Since I get a lot of queries on where to buy wagashi tools in Tokyo I've compiled a list of shops in the Kappabashi shopping district. Kappabashi is a street situated near Ueno Station which is on the east part of Tokyo. If you are not familiar with Kappabashi, its a street where you can buy anything related to cooking, from pots and pans to lanterns and signages for restaurant owners. So if you want to get the best knives or a nice pair of chopsticks, or a fancy lacquer dish in Japan here is the place. Just make sure you have plenty of time as you can easily spend the whole day here! Shops are open on weekdays from 9am to 5pm, Some shops will be closed on Saturdays and most shops will be closed on Sundays and Public holidays so it is advisable to go on weekdays.
Location & Map
Kappabashi can be accessed by foot from Tawaramachi Station on the Ginza Line or Asakusa Station on the Tsukuba Express Line. You can also walk from the Asakusa on the Toe Asakusa Line, but it may take about 15 minutes.
1. Asami Kashidouguten
Asami is a shop dedicated to only wagashi tools. This shop is at the entrance of Kappabashi street, across from Niimi, the symbol of Kappabashi (the giant chef that is on the rooftop of the building). Despite the small size of this shop, it carries a vast variety of tools from small wooden sticks to large machinery for factories. They also create their original tools and molds which can be ordered.
Open 9-5 Mon-Fri.
Website in Japanese
2. Flavor Land
This is not actually a tool shop, but you can get any kind of food colorings or flavor essences you need to make wagashi. Open 9:30-5 Mon-Fri.
Flavor land has relocated and is across the street now on the 3rd Floor. Please visit website for details of the new location (2023.Nov)
Website in Japanese
3. Arai Shoten
This shop carries not only wagashi tools but any tools related to sweets making. This is my favorite place to buy the tiny wagashi cutters. Open 9-5:30 Mon-Sat.
4. Majimaya Kashidouguten
This was my favorite shop to buy cookie cutters as well as wagashi cutters, At the moment, they seem to be doing a major renovation (or it looks more like they are rebuilding) so the shop is very small and the selection is limited, but you can buy through their Online shop on Amazon and Rakuten. Open 9-5:30 Mon-Sat.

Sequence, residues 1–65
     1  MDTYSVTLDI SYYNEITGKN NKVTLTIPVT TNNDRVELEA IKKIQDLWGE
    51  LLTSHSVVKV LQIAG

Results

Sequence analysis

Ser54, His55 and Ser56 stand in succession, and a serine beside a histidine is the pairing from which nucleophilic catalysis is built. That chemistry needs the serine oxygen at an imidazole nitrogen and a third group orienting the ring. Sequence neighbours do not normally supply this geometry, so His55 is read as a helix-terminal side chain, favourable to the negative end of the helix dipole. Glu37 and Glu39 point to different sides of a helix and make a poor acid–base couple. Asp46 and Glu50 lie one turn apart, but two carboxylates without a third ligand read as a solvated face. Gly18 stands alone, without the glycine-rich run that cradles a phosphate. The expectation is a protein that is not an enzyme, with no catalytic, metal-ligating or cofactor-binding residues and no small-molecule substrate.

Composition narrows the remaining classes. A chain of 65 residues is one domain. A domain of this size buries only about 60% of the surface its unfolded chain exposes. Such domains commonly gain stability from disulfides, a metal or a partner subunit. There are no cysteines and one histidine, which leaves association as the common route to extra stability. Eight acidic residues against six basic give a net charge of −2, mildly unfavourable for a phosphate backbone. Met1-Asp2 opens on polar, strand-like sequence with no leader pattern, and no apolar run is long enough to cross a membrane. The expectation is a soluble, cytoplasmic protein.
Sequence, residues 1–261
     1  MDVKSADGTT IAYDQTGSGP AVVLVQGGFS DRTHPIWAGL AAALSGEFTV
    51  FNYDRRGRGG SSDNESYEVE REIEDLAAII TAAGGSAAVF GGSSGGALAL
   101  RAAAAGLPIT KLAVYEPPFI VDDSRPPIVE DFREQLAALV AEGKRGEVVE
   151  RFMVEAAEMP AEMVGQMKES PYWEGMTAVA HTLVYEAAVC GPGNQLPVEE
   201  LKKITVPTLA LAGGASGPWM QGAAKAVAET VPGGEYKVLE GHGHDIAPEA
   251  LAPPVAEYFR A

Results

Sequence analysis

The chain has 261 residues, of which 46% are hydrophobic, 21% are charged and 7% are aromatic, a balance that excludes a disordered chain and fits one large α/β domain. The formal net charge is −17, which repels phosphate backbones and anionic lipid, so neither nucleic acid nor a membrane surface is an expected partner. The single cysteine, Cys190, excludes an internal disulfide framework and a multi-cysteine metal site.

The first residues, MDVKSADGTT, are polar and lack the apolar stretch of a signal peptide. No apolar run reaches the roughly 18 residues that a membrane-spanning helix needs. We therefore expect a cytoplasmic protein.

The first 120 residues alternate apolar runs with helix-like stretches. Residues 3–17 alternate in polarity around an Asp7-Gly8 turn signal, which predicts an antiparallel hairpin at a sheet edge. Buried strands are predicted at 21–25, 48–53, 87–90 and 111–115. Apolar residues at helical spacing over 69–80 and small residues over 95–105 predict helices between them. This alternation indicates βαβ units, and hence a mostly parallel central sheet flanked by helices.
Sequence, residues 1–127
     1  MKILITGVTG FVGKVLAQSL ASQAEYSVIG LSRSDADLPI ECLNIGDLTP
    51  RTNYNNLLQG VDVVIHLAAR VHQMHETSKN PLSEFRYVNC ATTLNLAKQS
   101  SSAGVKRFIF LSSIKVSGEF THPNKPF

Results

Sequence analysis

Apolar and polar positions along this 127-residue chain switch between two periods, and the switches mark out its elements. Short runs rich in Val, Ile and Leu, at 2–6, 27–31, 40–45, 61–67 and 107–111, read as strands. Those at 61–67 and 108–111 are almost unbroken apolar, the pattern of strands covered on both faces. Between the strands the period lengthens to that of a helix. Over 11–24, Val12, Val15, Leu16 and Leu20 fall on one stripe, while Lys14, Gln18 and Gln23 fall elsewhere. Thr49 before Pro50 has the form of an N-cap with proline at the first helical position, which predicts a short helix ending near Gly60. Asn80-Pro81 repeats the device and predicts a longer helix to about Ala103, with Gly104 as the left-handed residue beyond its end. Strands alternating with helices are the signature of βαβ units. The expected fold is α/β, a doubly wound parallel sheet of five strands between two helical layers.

Website in Japanese
Online shop on rakuten
Online shop on Amazon
5. Yoshida Kashidouguten
This shop also carries wide range of sweets making tools. From molds to cutters for beginners professionals, you will likely find what you need here. Open 9-5:30 Mon-Fri.
6. Asai Shoten
Although you may find wagashi tools here, their main products seems to be for western sweets. I would usually stop by to see if there are any good deals. Open 9-6 Mon-Sat.
Website in Japanese
Online Shop on Rakuten
This shop has been doing business since 1905, operating for over 100 years, they have a wide selection of wooden wagashi molds and tools. I usually buy my wagashi cutters here too. Open 9-5:30 Mon-Sat.
There are other shops that carry wagashi tools that I haven't mentioned here, so do browse along the street and have fun treasure hunting!
For basic tools that you can buy online please visit this page.
To answer question regarding the tools I use for making wagashi and where to buy them in Japan, I'm going to introduce some shops online and off line. Hope they are helpful to you wagashi makers! I'll start of with the tools to make anko, the most important ingredient in wagashi.
Those of you who have ever made koshi-an (smooth bean paste) would know that you need two kinds of sieves to strain the pulp from the skin - a course one and a fine one. Ideally the course sieve should be 20-30 mesh and the fine one to be 50 -65 mesh. Mesh, refers to how many opening there are in a linear inch. so the greater the number is, the finer the sieve is. The fine sieve is used to make koshi-an (smooth bean paste) and the course one has other usages such as straining chestnuts and sweet potatoes.
If you don't have space to store them both, you can get a detachable sieve together with the frame. I use the 24 cm frame, which is not too big and not too small.
If you prefer go for the traditional wooden frame sieves you can get them online as well. They come in various sizes indicated as 寸(sun) one寸 is 3cm, so If it says 8寸, it means 24 cm. Just be careful to dry them completely before storing them as it may produce mold. You will be better off with the stainless steel sieves considering all the hassle.
Another item that is useful for making anko is the bouzu nabe. It is translated into bald head pot as it resembles a hairless head, or a monk's head. This pot is great for cooking beans, kneading the paste and also for kneading mochi.
The benefits of using this round bottom pot is that the flames are evenly distributed not just on the bottom but also on the sides which causes water circulation and makes the beans to cook faster and more evenly. It also prevents it from the bottom to burn as the spatula is more fitted around the curve. And yes, a silicone spatula also comes in handy when making anko.
The bouzu nabe comes in various sizes, and I have one that is 21 cm in diameter which will cook up to 800g of bean paste (400g of dry beans). You can also get a 18 cm dia. which will cook up to 600gs of paste (300g of dry beans).